In the build up to Christmas, Christian minority groups all over the world are preparing for one of the most important celebrations in the year. In Sri Lanka, communities still recovering from the Easter attacks will take extra precautions.
“Churches celebrate Christmas in a simple manner in Sri Lanka with worship and identifying with the less fortunate. There is a security alert by the police to take extra precaution this festive season as there could be unexpected attacks. They have asked organizations and churches to tighten security. Nevertheless, all churches will have their worship services,” said Godfrey Yogarajah, Deputy Secretary General of the National Christian Evangelical Alliance Sri Lanka and an ally of ADF International.
“There are many victims of the Easter attacks still going through surgeries and other medical needs. For families who lost their children and other loved ones it’s the first Christmas without them. It’s a sad memory as they attend worship this year especially at churches where there were so many dead and injured. Most churches would remember and uphold these families in prayer. Recovery will take some time as especially the trauma and grieving of those who lost their families will be a long process. Psychosocial support is needed. Finally our hope is that God will bring healing and wholeness to this situation.”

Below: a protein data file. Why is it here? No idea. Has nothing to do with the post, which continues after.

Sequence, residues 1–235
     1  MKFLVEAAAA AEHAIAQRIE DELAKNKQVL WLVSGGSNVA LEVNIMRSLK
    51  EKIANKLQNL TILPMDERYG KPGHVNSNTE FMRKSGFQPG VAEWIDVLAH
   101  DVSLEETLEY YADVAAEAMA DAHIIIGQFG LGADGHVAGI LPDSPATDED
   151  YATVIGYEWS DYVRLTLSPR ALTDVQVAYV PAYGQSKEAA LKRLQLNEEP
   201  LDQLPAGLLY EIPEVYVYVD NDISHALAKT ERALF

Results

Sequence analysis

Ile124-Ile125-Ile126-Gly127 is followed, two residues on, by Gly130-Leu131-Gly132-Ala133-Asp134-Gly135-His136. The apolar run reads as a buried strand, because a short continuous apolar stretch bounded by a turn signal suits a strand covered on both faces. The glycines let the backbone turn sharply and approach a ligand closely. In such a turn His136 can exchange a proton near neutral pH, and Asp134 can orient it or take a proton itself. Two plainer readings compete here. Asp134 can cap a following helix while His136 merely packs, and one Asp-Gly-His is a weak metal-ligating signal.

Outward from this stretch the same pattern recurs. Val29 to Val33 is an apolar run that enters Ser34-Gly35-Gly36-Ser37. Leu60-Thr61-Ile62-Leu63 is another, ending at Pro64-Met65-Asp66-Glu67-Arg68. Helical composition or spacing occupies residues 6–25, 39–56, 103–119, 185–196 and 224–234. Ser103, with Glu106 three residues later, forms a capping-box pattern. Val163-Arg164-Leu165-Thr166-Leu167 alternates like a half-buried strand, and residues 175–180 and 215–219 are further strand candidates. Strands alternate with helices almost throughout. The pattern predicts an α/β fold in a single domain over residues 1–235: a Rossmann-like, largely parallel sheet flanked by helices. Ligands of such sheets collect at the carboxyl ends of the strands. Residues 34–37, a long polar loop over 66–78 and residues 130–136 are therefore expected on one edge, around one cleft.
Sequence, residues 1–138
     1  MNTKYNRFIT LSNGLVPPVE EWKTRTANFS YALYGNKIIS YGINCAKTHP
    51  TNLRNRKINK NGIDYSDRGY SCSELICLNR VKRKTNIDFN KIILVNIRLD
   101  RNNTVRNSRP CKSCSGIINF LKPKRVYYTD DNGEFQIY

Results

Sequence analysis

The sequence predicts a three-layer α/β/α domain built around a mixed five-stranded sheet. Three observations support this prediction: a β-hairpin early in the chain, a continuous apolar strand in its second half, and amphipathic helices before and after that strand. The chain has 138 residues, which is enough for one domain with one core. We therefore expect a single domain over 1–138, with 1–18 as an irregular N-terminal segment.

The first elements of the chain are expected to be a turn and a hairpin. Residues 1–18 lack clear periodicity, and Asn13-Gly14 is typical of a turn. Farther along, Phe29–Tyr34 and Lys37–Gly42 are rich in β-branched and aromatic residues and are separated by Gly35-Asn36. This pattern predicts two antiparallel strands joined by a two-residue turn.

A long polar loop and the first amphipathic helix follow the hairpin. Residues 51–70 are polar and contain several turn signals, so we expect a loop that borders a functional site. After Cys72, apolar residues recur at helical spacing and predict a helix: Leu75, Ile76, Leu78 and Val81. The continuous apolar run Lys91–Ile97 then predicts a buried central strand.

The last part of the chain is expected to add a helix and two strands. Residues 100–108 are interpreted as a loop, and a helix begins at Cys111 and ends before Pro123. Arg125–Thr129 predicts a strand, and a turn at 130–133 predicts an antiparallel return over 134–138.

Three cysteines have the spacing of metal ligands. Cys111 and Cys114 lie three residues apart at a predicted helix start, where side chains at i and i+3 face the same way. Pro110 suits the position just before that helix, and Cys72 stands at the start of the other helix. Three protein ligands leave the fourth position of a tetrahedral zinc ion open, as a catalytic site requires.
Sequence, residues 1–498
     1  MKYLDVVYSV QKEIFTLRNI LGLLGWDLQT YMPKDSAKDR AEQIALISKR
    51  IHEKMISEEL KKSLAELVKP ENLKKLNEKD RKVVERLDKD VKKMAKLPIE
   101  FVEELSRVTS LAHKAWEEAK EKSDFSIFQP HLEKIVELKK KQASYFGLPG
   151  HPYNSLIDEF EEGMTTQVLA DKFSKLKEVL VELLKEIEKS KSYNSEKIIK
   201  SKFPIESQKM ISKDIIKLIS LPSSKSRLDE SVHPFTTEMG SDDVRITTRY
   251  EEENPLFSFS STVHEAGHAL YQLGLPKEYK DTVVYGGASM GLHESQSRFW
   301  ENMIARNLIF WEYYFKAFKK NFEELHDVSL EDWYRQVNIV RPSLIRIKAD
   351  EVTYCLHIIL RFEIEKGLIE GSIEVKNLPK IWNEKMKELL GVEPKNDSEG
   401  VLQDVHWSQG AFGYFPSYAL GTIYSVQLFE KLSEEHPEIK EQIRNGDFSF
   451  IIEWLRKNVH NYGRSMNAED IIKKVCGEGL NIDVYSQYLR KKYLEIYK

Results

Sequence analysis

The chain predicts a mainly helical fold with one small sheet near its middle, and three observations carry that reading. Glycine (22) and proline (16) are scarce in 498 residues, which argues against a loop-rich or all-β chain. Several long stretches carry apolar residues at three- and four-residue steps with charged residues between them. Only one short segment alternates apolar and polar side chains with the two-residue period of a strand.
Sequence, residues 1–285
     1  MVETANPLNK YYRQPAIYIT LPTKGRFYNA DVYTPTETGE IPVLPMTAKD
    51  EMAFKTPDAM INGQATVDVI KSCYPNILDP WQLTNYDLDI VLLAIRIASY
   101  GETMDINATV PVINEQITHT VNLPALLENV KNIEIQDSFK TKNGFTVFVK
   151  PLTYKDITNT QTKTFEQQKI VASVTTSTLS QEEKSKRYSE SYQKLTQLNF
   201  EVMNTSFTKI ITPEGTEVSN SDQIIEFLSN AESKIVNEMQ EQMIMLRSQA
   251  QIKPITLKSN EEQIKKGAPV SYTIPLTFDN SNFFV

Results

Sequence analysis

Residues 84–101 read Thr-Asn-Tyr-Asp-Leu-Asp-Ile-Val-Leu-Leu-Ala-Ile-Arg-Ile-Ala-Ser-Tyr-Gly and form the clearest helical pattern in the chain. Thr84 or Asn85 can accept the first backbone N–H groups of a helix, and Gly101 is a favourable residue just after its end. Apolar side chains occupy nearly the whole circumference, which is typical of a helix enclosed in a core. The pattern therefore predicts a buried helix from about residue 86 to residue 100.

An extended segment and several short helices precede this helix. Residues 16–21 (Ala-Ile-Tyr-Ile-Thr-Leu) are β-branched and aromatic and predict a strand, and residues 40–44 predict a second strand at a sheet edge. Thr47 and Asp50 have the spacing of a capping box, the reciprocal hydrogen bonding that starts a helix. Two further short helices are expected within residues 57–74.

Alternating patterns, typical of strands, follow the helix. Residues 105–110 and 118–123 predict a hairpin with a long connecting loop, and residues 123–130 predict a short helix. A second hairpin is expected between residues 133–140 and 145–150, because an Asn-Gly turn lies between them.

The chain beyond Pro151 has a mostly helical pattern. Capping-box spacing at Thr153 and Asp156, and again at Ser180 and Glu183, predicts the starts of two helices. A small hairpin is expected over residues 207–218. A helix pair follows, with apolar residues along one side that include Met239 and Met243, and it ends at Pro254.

Sri Lanka’s recovery after Easter attacks
On Easter Sunday 2019, churches and hotels were targeted in a series of bombings. The attacks were targeted at Christian communities celebrating the most important day in the Christian calendar. Around 290 people were killed and over 500 were injured.
“Nobody should be persecuted because of their faith. In many parts of South Asia we see a growing threat to religious freedom despite legal safeguards that exist in many countries’ constitutions. In countries like Pakistan, Nepal, Sri Lanka, or India extreme social hostility like mob violence against minorities is encouraged by authorities failing to prosecute the offenders. The Easter attacks in Sri Lanka were a devastatingly clear signal that Christians deserve specific protection and support so that they can practice their faith freely and safely without fearing for their lives. Efforts to document violence and build solidarity among faith communities, goes a long way to reduce systemic violence. The international community could play a decisive role in protecting minorities by making religious freedom a diplomatic priority,” said Tehmina Arora, Director of Advocacy, Asia for ADF International.
The attacks came at a time where the persecution of Christians and other religious minorities has increased in South Asia. Recent reports by various national governments highlight the intensity of global persecution. According to a recent Pew Research Center study, there were incidents of harassment of Christians in more than two-thirds of all countries. A report commissioned by the British Foreign Office that was published in July outlines the persecution of Christians all over the world. It concludes that they are the most persecuted religious group in the world and reveals an increase in the phenomenon.
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